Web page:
# Elasticities Using GLM

The coefficient on a logged explanatory variable when the dependent variable also is in log form is an elasticity (or the percentage change in the dependent variable if the explanatory variable changes by one percent). Suppose I estimate a regression without logging the dependent variable but I use a log link in a General Linear Model (and family gaussian) while the explanatory variable remains in log form. Is the coefficient on that explanatory variable still an elasticity?

In the usual case with a log variable, the model is \begin{align} \log(y) &= a + b\log(x) + \varepsilon\newline \text{or}\quad y &= e^a x^b e^\varepsilon, \end{align} where $\varepsilon\sim\text{N}(0,\sigma^2)$ and $b$ is the elasticity.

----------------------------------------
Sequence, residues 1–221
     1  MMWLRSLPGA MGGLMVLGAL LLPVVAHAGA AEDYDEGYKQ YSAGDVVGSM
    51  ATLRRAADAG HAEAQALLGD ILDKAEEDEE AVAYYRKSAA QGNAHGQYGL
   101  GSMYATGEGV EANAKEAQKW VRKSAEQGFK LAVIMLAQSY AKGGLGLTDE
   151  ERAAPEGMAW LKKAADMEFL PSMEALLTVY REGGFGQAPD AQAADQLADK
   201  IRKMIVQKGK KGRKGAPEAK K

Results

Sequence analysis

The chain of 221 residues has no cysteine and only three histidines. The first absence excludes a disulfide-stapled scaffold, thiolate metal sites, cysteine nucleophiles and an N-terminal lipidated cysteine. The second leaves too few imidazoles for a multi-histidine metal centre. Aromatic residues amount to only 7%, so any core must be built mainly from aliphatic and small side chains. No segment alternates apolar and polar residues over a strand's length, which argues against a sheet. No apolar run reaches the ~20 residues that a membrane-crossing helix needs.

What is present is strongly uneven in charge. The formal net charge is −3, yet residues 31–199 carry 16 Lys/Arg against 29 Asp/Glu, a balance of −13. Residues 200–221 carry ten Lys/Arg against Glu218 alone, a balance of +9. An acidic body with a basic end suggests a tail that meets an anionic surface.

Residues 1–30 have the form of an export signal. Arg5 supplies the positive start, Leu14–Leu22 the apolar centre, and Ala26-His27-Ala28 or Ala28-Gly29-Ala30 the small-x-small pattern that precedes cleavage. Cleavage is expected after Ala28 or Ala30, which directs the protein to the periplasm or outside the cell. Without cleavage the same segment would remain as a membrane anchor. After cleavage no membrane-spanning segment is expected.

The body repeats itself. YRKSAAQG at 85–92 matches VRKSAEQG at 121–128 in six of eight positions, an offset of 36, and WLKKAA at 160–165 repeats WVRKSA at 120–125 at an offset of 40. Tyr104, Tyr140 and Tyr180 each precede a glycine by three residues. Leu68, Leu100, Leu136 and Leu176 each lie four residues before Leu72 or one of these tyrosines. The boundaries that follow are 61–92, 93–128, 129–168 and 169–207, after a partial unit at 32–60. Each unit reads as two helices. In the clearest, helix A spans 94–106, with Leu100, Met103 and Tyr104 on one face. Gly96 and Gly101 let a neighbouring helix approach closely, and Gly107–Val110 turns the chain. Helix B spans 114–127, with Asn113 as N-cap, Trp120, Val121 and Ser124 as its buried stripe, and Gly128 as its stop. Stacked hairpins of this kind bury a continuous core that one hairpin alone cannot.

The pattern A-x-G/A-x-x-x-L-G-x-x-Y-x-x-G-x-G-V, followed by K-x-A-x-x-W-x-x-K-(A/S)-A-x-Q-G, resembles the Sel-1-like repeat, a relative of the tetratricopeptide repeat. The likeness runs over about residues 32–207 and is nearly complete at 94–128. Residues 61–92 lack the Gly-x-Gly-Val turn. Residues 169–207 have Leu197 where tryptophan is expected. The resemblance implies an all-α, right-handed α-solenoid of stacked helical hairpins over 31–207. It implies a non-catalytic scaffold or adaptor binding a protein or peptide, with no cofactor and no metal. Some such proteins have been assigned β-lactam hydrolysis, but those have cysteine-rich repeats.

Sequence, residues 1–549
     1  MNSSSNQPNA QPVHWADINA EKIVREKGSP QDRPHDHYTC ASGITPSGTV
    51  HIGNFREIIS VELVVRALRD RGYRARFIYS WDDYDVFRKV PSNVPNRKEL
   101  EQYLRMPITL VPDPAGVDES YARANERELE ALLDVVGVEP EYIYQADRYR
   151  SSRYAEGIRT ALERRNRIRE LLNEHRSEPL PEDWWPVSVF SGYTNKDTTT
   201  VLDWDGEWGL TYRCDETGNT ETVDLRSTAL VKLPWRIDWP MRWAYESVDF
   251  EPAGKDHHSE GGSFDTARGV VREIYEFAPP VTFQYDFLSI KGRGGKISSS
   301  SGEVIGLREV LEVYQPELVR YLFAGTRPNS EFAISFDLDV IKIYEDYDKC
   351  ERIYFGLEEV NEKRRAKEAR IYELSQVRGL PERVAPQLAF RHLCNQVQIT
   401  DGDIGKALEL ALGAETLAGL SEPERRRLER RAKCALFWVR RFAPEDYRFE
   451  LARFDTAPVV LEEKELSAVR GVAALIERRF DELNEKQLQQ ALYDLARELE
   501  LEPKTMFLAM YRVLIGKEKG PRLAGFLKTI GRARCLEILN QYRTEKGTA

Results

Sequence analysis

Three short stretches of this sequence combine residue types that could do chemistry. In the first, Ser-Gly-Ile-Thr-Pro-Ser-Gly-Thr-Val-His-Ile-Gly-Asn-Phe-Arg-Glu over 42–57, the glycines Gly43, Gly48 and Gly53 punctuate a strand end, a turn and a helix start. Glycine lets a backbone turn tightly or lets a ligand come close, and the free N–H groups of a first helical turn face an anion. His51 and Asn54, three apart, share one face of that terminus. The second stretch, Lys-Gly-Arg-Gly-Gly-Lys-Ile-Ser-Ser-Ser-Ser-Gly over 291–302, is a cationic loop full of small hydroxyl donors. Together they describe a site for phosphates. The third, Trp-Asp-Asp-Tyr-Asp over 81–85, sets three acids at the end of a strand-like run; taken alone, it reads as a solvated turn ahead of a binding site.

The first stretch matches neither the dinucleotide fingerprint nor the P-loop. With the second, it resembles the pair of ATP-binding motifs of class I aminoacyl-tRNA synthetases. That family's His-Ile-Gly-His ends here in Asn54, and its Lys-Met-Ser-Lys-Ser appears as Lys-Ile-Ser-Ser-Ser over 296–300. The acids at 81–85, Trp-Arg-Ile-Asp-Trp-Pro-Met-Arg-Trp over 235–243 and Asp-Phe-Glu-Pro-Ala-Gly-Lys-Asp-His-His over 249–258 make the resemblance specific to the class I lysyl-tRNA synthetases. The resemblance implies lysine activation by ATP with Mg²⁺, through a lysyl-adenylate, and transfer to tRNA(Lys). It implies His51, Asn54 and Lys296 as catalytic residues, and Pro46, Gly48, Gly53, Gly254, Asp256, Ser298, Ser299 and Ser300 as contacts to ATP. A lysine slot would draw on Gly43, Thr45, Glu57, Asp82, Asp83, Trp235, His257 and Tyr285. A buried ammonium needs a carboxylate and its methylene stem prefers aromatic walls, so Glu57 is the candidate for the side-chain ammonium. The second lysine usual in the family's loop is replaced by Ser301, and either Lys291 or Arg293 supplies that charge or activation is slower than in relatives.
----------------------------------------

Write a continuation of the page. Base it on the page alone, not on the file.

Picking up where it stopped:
In the situation you mention, \begin{align} y &= \exp[a + b\log(x)] + \varepsilon \newline \text{or}\quad y &= e^ax^b + \varepsilon, \end{align} where $\varepsilon\sim\text{N}(0,\sigma^2)$. So, ignoring the error, the parameter $b$ is playing the same role in both models and is an elasticity in both cases.
• If b=2, then a 1% increase in x leads to an increase in y by a factor of $(1.01)^2 \approx 1.02$. That is, y increases by approximately 2%. – Rob Hyndman Jan 25 '12 at 0:56